Review: ‘Hellboy II: The Golden Army’
This is a first. I’ve been living with the story for [[[Hellboy II: The Golden Army]]] since last Thanksgiving, when I accepted the assignment to write the novelization. However, given personal circumstances, I missed its release and am only now finally seeing it, nearly a year later, on DVD. As a result, I’m looking at the film from some fairly unique angles.
That the entire production team and cast has returned is asset to film, out on standard disc and Blu-ray today. It looks good and clearly, there’s an ease and comfort between the principal players and their director, Guillermo del Toro.
Del Toro’s [[[Hellboy]]] is somewhat different in tone and certainly in story direction from what Mike Mignola has been chronicling in his Dark Horse comics. And that’s fine, that’s part of the adaptation process. That Mignola remains involved and is credited as a producer and for helping del Toro craft the story shows his willingness to see others play with his characters.
Since the first film, del Toro captured the world’s attention with Pan’s Labyrinth, and this follow-up film seemed to indicate a willingness to show he was not a one-trick pony. The film is therefore a visual treat. In terms of the story, we’re some months after the first film so Hellboy and Liz Sherman are now romantically involved and living together at BPRD HQ. Beyond that, the other characters are somewhat static.
The story of an exiled elfin prince returning from exile to break an ages-old truce with Man is a strong one, especially given a world Hellboy knows is filled with freaks of all kinds. We follow Prince Nuada’s efforts to assemble the crown that would given him command over the Golden Army, 70 times 70 mechanical soldiers built by the goblin forges. With them at his command, all humanity would be wiped out and the elves can regain control of the planet.
Mixed in with that is the stresses between Liz and Hellboy living together, Abe Sapien falling in love with the Princess Nuala, who opposes her brother’s jihad, and the exposure of the [[[BPRD]]] to the general public. This necessitates Washington sending a new field leader, Dr. Johann Krauss, who happens to be an ectoplasmic being living in a containment suit.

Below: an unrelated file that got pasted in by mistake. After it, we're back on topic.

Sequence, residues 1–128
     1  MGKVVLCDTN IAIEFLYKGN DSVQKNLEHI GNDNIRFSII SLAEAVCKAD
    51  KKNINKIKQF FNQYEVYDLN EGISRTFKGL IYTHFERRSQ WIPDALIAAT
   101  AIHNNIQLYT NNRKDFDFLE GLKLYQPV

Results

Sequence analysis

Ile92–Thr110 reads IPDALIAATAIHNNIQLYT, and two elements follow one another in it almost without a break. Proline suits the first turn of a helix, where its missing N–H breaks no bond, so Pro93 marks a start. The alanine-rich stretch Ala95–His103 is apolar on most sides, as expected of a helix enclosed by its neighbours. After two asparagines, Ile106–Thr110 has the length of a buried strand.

There’s plenty of story and threads and everyone has something to do and people to play off one another. Add in deadly Tooth Fairies, the last Elemental, a Troll Market, an Angel of Death, and the revived Army, and you have plenty to deal with.
And in watching the movie, which moves along at a brisk two hours, it becomes apparent that del Toro has overstuffed the film. No creature or plot line really gets a chance to breathe. We are introduced to an element and then we’re whisked off to the next set piece so by the film’s end we’re entertained by what we’ve seen but it’s the equivalent of visual popcorn. You consume it and you’re not quite filled. Instead, had del Toro focused on a few of these things, then the movie would have had a greater depth and pathos for an age that is coming to an end.
Prince Nuada is the spine that holds it all together and Luke Goss does a terrific job in the role. He moves with speed and grace and is clearly a formidable opponent. Had del Toro played him as the tempter, as he does in one scene between Hellboy and the Prince, then the last temptation of Hellboy would have given him a better character arc. The passing of age, as described by the Elf King and later Nuada, should have been played up more. As should the revelation that the BPD exists. Instead, it’s tossed in the mixed and largely forgotten, especially with one scene removed showing calls for a congressional investigation.
The existence of Hellboy is one thing and the price of fame is certainly fleeting but when Liz holds his hands, the outrage theme is introduced then similarly discarded in favor of moving things along.
Krauss is an interesting addition to the team but is played as a fairly one-dimension Prussian general so when we finally learn something about him, it comes out of left field and then vanishes. Seth McFarlane’s voice work is fine but overall, the character does not play as well as intended.
Nuala, played by Anna Watson, is attractive and sympathetic but she’s under-developed so we don’t know why she chose to stay with her father through the millennia as Nuada was in self imposed exile (and where was he?). She’s sympathetic and had potential but we needed more.
The movie is slick and inventive. The fights are terrific and the action moves along just briskly enough to keep your attention. We see Abe’s martial arts style in direct contrast to Wink’s brute force, similar to the contrasts between Hellboy and Nuada. The trolls, goblins, Angel of Death, and Golden Army are all visually arresting.
In watching it, I also was mindful of dialogue that was not in either script sent to me, lines I would have liked to use. I also largely agree with the trims del Toro made as seen in the deleted scenes extras. The one bit, Liz and Hellboy in Brooklyn, actually rounded Liz out who is largely seen as dour throughout the film and should have remained. I was also surprised that the epilogue, which would have run after the credits, never got shot and only animatics existed so watching that expanded 5 minute sequence was fascinating.
The extras on the discs are the usual delightful assortment that show how films are made from concept through production. Currently, the 3-disc set includes a digital copy which is a nifty plus.